The Cedar Lane Unitarian Universalist Church will not pursue a proposal from T-Mobile to install a cell phone tower on its property in Bethesda after impassioned opposition from church neighbors.
More than 30 church neighbors spoke of health fears and damage to property values at a church meeting Jan. 11.
"The feeling on the part of the board was that although they did not necessarily agree with the fears the neighbors had about the dangers of the cell phone tower, it was out of respect for those fears that we would not go forward," said the Rev. Roger Fritts.
Representatives from T-Mobile did not return calls for comment.
The church received the proposal for the 130-foot cell phone tower in March. T-Mobile offered $18,000 to install it. A church committee analyzed the proposal and in August recommended the church move forward with the deal. It sent a letter to neighbors notifying them that the cell tower was under consideration.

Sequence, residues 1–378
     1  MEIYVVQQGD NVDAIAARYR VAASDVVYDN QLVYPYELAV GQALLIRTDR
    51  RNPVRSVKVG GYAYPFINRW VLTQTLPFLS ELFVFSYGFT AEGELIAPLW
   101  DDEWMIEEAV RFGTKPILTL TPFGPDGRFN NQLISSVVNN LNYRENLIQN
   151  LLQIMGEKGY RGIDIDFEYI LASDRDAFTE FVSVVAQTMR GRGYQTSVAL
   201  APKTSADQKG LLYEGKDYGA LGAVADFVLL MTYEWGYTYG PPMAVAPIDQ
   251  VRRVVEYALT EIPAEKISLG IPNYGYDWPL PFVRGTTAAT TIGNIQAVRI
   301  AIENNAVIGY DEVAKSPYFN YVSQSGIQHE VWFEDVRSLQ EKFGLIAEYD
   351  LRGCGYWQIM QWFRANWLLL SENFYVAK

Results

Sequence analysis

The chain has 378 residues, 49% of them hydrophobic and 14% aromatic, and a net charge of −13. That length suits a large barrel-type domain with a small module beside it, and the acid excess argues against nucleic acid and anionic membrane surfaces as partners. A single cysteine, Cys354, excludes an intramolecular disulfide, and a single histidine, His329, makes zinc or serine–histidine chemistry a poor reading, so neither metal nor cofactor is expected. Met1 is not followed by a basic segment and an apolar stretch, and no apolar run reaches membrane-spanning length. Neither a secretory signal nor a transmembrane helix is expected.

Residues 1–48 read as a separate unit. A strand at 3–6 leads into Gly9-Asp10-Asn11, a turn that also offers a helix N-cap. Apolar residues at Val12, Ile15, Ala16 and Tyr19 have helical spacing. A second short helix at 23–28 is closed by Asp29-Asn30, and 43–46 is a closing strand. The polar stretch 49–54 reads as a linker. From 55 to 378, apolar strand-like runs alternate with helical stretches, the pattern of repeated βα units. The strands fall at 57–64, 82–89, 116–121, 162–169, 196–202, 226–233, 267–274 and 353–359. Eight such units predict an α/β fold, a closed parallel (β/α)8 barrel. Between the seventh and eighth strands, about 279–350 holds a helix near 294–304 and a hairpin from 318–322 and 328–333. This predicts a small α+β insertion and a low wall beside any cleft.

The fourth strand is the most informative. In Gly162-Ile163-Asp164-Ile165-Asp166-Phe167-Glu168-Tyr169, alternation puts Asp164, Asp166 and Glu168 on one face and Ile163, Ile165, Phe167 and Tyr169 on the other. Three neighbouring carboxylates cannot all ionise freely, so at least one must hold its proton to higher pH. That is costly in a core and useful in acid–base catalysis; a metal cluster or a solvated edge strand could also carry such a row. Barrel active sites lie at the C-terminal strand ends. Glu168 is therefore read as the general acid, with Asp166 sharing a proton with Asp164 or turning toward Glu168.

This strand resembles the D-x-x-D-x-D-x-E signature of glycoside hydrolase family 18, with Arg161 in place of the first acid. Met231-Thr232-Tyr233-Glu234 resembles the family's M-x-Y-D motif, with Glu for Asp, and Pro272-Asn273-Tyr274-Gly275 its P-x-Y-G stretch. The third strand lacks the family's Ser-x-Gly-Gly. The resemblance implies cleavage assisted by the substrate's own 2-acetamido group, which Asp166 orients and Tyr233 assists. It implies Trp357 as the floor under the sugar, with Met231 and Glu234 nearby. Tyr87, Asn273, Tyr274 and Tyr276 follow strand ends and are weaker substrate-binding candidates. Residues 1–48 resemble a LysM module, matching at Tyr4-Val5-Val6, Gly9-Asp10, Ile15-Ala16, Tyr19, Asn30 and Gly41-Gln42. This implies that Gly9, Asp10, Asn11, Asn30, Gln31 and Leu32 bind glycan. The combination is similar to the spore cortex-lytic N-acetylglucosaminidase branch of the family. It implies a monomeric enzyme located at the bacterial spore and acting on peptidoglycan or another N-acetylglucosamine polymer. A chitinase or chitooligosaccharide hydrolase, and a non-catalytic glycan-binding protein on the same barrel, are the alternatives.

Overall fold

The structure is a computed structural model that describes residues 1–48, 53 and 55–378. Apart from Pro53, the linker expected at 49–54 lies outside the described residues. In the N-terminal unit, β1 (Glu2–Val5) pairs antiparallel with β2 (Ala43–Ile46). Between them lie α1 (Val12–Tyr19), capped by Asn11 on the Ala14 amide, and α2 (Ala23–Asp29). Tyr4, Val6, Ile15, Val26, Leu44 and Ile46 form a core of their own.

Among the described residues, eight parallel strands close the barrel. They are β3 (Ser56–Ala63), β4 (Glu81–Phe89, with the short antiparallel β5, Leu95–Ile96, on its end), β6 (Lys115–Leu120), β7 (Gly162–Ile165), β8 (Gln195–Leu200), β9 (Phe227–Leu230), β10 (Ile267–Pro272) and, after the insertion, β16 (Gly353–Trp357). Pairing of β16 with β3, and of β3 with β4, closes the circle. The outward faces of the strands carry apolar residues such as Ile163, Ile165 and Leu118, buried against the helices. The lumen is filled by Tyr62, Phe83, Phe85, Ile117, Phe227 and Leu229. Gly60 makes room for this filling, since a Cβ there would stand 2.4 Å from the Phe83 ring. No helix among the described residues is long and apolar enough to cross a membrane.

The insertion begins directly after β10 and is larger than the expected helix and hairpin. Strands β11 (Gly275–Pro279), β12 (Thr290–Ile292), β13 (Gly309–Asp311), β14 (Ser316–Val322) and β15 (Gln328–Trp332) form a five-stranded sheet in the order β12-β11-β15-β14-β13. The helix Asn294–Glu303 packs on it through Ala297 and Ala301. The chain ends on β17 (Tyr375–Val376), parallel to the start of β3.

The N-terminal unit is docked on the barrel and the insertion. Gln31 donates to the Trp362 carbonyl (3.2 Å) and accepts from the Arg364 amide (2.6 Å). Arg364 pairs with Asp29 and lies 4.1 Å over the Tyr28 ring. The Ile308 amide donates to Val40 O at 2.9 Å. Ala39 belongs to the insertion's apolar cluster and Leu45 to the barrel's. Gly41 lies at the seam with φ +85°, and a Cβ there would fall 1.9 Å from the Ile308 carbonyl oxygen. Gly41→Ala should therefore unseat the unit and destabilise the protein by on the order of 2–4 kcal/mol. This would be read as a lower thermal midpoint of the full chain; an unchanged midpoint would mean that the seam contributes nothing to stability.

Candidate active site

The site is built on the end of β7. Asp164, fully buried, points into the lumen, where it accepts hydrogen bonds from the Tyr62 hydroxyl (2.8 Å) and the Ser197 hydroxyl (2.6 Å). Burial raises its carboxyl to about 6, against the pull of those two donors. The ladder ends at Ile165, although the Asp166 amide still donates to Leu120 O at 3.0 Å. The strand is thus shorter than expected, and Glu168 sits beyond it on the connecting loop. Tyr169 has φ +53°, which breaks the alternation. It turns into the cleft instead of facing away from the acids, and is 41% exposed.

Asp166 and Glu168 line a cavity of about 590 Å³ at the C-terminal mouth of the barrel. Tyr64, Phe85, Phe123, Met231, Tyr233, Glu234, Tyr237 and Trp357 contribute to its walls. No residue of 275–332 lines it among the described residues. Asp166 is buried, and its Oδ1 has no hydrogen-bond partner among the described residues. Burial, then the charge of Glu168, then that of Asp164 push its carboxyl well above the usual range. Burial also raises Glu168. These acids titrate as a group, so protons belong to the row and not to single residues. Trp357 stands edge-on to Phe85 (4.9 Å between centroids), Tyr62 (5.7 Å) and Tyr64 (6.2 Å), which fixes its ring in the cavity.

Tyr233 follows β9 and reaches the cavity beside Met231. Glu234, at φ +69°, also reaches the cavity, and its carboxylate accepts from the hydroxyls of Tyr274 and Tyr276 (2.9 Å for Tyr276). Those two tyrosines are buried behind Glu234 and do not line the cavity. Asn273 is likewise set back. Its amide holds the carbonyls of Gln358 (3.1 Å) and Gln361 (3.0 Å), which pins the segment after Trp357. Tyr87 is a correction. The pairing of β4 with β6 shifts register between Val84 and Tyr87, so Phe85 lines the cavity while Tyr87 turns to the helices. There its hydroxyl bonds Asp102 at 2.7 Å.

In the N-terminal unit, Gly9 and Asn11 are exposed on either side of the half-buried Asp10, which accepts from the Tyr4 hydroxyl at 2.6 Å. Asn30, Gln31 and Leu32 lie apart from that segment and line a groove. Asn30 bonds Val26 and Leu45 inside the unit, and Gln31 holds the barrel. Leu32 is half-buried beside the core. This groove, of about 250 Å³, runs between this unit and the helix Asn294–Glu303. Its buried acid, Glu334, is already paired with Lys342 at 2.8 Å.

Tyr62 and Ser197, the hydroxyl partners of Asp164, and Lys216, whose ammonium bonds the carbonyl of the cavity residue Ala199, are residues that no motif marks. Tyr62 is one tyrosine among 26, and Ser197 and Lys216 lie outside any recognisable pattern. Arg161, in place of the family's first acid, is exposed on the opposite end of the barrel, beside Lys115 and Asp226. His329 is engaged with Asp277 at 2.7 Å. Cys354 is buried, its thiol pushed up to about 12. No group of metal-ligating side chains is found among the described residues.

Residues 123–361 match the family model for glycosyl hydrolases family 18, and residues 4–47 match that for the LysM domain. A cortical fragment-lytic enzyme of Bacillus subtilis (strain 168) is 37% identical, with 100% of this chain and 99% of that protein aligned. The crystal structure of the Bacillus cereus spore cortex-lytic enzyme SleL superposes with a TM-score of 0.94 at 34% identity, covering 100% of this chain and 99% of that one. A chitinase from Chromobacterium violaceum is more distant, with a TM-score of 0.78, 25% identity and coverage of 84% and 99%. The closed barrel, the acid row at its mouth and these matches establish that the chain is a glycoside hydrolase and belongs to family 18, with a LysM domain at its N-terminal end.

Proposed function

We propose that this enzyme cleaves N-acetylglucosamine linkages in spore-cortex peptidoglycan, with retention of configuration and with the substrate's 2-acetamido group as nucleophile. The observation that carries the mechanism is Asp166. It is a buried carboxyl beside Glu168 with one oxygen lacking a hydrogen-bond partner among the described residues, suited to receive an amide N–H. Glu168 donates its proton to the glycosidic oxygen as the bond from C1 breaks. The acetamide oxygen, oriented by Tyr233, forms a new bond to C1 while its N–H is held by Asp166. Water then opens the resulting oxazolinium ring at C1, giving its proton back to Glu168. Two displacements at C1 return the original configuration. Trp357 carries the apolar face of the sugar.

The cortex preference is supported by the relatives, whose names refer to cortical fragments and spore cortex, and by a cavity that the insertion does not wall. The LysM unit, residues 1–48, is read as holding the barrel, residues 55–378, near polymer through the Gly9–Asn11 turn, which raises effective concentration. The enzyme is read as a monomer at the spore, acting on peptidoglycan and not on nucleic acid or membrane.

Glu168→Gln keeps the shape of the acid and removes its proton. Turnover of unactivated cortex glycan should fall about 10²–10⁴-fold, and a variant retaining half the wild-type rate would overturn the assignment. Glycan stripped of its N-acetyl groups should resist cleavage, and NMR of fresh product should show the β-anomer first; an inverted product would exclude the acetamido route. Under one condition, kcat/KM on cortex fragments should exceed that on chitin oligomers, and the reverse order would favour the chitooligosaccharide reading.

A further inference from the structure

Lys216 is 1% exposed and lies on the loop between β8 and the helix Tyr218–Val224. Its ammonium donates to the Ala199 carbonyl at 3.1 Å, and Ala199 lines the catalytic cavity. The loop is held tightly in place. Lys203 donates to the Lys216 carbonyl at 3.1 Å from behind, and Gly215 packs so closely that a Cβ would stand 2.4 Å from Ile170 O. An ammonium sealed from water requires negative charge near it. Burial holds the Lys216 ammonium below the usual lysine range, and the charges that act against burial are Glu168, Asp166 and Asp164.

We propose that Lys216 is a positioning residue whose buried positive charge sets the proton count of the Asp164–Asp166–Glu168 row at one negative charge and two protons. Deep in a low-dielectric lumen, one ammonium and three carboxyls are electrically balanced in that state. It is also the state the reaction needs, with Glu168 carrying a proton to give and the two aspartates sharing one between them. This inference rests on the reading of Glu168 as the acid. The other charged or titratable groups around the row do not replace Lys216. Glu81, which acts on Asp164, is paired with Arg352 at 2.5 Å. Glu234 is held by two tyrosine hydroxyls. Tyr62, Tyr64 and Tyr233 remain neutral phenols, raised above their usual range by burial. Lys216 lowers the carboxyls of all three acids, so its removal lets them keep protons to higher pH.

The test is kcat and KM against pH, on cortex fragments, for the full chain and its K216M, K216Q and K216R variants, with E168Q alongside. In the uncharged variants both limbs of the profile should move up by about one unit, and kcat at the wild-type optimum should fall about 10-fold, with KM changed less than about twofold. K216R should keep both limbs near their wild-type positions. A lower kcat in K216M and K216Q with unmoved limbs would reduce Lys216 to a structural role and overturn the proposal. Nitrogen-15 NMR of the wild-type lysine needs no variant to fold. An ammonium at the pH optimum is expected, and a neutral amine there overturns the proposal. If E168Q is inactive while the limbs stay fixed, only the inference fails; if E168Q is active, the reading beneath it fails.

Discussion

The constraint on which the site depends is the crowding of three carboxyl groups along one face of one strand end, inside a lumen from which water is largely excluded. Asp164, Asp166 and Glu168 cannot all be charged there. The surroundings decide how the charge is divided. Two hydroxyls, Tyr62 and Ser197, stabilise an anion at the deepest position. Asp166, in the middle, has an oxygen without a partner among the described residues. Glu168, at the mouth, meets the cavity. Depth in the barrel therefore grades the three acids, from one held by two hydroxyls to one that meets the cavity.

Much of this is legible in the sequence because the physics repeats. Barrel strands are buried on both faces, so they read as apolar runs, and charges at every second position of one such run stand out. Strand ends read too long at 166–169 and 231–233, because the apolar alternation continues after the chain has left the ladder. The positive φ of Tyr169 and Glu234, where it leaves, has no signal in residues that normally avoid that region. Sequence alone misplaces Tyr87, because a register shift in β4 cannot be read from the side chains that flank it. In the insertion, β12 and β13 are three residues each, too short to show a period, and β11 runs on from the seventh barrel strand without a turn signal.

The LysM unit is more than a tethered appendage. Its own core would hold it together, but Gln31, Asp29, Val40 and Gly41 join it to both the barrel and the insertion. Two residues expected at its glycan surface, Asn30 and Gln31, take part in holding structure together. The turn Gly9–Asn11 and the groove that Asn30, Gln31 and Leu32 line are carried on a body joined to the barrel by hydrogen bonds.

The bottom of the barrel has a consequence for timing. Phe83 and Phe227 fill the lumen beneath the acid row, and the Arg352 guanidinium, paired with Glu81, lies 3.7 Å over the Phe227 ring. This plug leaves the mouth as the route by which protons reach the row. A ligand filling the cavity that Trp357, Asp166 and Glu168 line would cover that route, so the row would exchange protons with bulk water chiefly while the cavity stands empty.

That sparked petitions, letters and "No Cell Tower" lawn signs, culminating in the Jan. 11 meeting where nobody spoke in favor of the installation.
Lawrence Grayson of Kensington, who spoke against the tower, said initially it seemed "like a shoe-in" that the church would move forward with the installation. His expectations changed after hearing the community concerns, he said.
"After the meeting is just seemed inconceivable to me that they would go forward with the strong, strong community opposition," Grayson said.
He said the church and the neighbors have generally enjoyed a harmonious relationship, and "this will allow that to continue."
Sten Odenwald, another opponent, said he was "delighted" with the outcome. Odenwald, a physicist with has non-Hodgkins lymphoma, said though the science surrounding the health effects of cell towers is inconclusive, "nobody can tell me where I got that from," so he didn't want to take chances on radio waves being another risk factor.